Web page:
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Recalling the Napali Milolii expedition of 1953

In 1952, Kauai forest ranger Joseph M. Souza, along with Ruth Knudsen Hanner and Isabel Fayé, decided to create a visitor center and natural history museum at Kokee.

Souza then moved two of Kokee’s World War II-era barracks to the Kanaloahuluhulu Meadow and rebuilt them to serve as the center and museum buildings, while Hanner and Fayé garnered community support.

Meanwhile, Hanner also organized an expedition for the purpose of obtaining specimens for the museum and carrying out scientific work at Milolii on Napali Coast during August 1953.

Members of the expedition were transported to Milolii from Polihale on a 20-foot flatboat captained by Joaquin K. Malama, and then camped out there or set up house in the Prigge family’s Milolii beach house.

Bishop Museum archaeologist Mary Stacey’s thorough archeological survey of Milolii Valley uncovered five Hawaiian heiau sites and numerous house sites and terraces not already described in Wendell Clark Bennett’s authoritative 1931 “Archaeology of Kauai.”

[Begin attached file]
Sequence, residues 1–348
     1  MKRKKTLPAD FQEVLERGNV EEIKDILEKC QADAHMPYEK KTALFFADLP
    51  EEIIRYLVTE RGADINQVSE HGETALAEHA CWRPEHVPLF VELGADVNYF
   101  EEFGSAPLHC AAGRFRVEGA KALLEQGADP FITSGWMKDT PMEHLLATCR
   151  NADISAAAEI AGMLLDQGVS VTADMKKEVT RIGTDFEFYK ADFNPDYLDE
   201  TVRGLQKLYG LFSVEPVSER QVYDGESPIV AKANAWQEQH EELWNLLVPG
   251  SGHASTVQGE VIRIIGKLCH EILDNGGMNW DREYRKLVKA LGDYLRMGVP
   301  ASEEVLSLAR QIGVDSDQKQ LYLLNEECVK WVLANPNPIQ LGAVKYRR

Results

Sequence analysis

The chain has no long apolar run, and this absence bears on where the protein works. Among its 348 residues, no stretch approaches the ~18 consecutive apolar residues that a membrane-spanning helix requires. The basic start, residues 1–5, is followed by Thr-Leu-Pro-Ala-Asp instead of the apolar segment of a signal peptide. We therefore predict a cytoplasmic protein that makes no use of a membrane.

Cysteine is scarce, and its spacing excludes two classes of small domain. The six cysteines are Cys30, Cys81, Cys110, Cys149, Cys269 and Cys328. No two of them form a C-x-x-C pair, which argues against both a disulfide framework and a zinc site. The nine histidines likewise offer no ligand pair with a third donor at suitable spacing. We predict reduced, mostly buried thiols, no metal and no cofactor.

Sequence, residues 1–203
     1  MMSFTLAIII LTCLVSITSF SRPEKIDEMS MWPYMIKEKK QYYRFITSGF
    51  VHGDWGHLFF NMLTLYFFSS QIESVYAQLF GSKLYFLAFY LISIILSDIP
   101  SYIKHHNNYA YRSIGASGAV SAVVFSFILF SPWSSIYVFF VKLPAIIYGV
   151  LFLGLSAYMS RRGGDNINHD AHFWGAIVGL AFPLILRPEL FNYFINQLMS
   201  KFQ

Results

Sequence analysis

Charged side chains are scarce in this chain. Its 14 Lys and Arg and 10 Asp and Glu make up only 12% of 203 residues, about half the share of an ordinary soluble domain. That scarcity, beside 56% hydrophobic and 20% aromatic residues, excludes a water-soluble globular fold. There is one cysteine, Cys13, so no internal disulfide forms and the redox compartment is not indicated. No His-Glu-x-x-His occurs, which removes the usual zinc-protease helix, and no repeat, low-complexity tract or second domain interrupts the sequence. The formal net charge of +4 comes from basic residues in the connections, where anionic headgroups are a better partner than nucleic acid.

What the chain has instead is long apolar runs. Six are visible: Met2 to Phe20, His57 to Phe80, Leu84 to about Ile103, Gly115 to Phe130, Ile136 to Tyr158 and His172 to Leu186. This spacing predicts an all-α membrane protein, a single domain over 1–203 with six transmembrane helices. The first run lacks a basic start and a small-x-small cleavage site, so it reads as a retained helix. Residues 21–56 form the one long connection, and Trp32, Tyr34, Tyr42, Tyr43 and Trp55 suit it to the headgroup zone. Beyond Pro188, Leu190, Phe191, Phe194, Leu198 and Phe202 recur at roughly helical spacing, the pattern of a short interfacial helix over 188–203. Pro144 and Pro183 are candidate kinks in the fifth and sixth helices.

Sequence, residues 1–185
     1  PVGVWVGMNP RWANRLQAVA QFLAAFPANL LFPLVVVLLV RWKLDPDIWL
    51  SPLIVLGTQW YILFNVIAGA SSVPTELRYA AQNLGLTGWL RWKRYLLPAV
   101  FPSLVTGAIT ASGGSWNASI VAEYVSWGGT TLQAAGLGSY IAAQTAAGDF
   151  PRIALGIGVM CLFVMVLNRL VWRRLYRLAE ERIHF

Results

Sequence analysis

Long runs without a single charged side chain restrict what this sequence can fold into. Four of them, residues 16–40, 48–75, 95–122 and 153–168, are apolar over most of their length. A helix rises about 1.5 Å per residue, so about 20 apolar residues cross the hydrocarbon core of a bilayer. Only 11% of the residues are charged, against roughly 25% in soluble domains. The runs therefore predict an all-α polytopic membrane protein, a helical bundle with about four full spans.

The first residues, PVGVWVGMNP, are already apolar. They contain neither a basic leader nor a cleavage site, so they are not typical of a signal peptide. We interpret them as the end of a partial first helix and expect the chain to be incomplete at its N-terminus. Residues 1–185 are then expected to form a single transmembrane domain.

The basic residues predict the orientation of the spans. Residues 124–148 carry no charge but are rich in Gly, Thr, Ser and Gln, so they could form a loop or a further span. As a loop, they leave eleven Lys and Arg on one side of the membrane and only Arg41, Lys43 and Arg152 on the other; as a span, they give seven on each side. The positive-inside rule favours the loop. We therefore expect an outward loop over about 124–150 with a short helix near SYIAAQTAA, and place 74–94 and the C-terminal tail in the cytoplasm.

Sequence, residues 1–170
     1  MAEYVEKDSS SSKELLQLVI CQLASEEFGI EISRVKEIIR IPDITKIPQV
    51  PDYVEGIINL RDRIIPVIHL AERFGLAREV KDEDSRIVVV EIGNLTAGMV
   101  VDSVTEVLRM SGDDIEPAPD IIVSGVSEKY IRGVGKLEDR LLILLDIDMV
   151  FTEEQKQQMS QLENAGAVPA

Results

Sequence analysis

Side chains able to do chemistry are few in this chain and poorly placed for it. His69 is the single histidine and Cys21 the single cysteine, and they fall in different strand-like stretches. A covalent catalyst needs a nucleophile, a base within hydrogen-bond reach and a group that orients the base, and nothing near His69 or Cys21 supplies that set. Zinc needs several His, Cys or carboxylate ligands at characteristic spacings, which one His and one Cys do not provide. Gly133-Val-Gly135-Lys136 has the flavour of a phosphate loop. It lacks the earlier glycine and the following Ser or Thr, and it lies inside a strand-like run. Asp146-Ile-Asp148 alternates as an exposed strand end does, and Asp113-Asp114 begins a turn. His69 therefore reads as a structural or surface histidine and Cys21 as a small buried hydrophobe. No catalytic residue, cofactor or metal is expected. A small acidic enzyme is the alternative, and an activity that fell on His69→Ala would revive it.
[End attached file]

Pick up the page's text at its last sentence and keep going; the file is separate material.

Stacey also carefully mapped the sites and found a variety of artifacts.

Alison Kay of Poipu and Shirley Trefz of Honolulu worked on a collection of land and sea shells to be exhibited at the museum, Alan Chock of Honolulu gathered plants for the museum, and entomologist Dr. Elmo Hardy collected insects.

Also present at Milolii were Donald Richardson of the U.S. Geological Survey and Howell Walker of National Geographic magazine.

Alan Fayé Jr. of Kauai, on summer vacation from the University of Washington, also participated in the expedition and camped at Milolii Beach, since he had the only boat available to shuttle goods from Polihale to Milolii and transport researchers up and down the coast.

Fayé ‘s boat crew was comprised of Pada Kanahele from Niihau and Blaine Boyden of Kauai, and Fayé recently said that “No words can describe this summer experience! That whole Milolii experience was the most exceptional time of my life.”

Ruth Knudsen Hanner and Isabel Fayé went on to design the museum’s first exhibits, and the Kokee visitor center and natural history museum was opened in November 1953.
Source: The Garden Island

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